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SEPTA strike: transit halted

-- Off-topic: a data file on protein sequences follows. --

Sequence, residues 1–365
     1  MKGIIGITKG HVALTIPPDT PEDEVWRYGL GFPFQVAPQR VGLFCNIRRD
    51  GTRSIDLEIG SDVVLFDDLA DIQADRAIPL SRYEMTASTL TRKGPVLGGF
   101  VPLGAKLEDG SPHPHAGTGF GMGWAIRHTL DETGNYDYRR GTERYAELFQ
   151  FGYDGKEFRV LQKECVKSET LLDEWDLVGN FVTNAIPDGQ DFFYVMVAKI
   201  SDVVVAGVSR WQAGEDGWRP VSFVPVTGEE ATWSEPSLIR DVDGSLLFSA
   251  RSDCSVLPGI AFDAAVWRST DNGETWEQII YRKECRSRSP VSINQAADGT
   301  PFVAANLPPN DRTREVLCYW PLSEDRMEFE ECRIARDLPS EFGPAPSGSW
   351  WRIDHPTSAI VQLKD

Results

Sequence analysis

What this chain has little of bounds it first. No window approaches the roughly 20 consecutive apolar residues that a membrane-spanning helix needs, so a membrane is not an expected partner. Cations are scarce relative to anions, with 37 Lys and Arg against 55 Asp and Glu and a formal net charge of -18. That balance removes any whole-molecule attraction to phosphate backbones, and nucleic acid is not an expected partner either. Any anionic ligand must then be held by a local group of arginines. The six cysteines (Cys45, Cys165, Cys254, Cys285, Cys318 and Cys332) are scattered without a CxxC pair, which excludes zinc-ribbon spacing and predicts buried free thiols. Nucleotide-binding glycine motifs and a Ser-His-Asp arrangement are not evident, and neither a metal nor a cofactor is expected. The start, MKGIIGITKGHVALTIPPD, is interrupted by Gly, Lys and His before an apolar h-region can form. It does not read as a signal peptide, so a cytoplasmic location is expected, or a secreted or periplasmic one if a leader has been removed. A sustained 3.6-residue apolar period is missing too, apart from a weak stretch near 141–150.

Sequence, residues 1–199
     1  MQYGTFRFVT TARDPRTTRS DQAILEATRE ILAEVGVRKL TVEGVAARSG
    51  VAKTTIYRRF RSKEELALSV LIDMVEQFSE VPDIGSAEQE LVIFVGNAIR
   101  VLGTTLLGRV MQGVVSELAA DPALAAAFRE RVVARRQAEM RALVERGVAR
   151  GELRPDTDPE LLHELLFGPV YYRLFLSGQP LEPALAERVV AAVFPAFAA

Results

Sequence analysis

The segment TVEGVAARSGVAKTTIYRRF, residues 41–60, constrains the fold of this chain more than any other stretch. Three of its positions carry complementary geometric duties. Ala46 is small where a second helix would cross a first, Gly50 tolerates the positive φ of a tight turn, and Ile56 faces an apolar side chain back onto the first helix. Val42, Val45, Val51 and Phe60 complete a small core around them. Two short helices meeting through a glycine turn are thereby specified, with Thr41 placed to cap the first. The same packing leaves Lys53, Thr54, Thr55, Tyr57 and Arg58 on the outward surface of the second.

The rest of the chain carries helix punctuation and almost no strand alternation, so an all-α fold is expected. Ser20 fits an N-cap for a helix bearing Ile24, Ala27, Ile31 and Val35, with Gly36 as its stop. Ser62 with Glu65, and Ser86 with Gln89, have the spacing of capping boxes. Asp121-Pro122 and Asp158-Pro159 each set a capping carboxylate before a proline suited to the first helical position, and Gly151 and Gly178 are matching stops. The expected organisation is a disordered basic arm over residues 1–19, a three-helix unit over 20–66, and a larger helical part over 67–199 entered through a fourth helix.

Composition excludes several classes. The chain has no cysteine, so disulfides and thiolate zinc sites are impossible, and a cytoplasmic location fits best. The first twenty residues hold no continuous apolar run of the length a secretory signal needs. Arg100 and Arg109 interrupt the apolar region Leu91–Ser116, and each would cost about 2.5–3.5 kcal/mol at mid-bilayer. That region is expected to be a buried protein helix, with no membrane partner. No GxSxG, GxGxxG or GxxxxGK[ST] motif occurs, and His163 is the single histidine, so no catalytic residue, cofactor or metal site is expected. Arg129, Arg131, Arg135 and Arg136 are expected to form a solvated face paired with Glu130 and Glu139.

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The Philadelphia transit system's largest union went on strike early Tuesday, stalling the city's bus, subway and trolley operations a day after the World Series shifted to New York and forcing commuters to scramble to find other ways to get to their destinations, the Associated Press reports. The strike by Transport Workers Union Local 234 will all but cripple a transit system that averages more than 928,000 trips each weekday. The union represents more than 5,000 drivers, operators and mechanics of the Southeastern Pennsylvania Transportation Authority. The Election Day strike also affects buses that serve the suburbs in Bucks, Montgomery, and Chester counties. Regional rail service was still operating, but trains were delayed as they experienced higher-than-normal crowds. The union membership voted Oct. 25 to authorize a strike. They have been without a contract since March. Union workers, who earn an average $52,000 a year, are seeking an annual four percent wage hike and want to keep the current one percent contribution they make toward the cost of their health care coverage. SEPTA was offering an 11.5 percent wage increase over five years, with no raise in the first year and increases in workers' pensions.

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